The Loch episode 3 review

Siobhan Finneran's dry delivery is magnificent in The Loch. She's the highlight amidst the gloom...

This article comes from Den of Geek UK.

This review contains spoilers.

At a press conference to appeal for information about the missing Jonjo, Blake Albrighton throws the proverbial cat amongst the press pigeons when he declares that there is a serial killer lurking in Lochnafoy. Annie searches for Jonjo as well as investigating the car that attempted to run Evie and Dessie off the road. Quigley wrestles with the fallout from Albrighton’s declaration and the handwriting on the newspaper could prove to be a valuable clue into the identity of the serial killer.

It’s a well-known and oft-repeated wisdom that time is of the essence in missing persons cases and The Loch takes that to heart by picking up shortly after Jonjo is declared missing. But the episode’s sense of time feels fractured. It’s clear that everything is building to the reveal of Jonjo’s body in the evening, but before that, the editing makes it somewhat confusing as to where everyone is. In one scene, we see PC Denny (who, bless him, continues to be a bit useless) told to quickly sort out the Mercedes van in front of the village hall, but he shows up next doing the DNA testing around the village, only showing up to deal with the van in the evening.

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Then there’s Annie’s day. She’s running the parole for Leighton now, but also zipping up to Foyer’s Point, passing time with Bethan’s family (who are now firmly on the roster of suspects), and investigating the trailer that we saw Jonjo in last week. All of this is in broad sunshine. When she arrives at the village hall, which she informs us is about fifteen minutes away from where she is, it looks late at night. It’s clumsy structuring and serves to distract from what continues to be a compelling mystery at the heart of the show.

The village of Lochnafoy seems full of potential suspects, all of whom have varying levels of shifty, and that’s the fun part of this episode. There’s the near miss when Alan’s shiny new camera films the body, but he’s too distracted to notice. Dr Marr is focused on most, subject of another classic trope when he conveniently arrives home just as Evie is trawling through his house looking for evidence of his considerable shiftiness. I am greatly enjoying John Heffernan’s performance as a man who has clearly done something dodgy with his babysitter ineptly trying his utmost to make everyone else look as sinister as he is.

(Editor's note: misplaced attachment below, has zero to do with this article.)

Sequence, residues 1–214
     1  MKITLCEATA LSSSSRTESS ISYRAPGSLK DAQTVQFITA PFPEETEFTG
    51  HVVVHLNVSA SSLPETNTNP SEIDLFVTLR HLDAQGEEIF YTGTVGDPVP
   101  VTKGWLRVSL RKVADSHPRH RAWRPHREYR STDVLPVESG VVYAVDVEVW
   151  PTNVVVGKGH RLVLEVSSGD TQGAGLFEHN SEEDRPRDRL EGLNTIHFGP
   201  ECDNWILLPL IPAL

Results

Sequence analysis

Elsewhere, the Leighton sub-plot develops into something of a distraction from the main storyline and it’s unclear what purpose it has other than to expose the community of lies that Leighton mentioned back in the first episode. On a positive note, Siobhan Finneran’s dry delivery is magnificent this week, whether it’s relating an anecdote about her wayward trip to Prince’s hotel room or commenting on the Chief Inspector’s decision, and she continues to be the highlight amidst the gloom. The episode also has a great creepy shot when Annie walks away from the trailer to reveal Jonjo’s cardigan hanging from the scarecrow keeping watching on the field.

Despite the odd time lapse that is required to get everyone there, the final village hall scene is a strong finish to the episode. Albrighton, who is apparently a handwriting expert too now, has matched the handwriting from the newspaper on Carn Mohr to Craig Petrie’s personal information form. I’m still firm in the belief that this is a red herring, but the construction of the scene, zipping between the meeting, Albrighton, and Annie zooming in on Jonjo’s location, recaptures that tense atmosphere from the first and strongest episode. With a suspect in custody, a third victim, and a village on the edge, let’s hope The Loch can keep it up next week.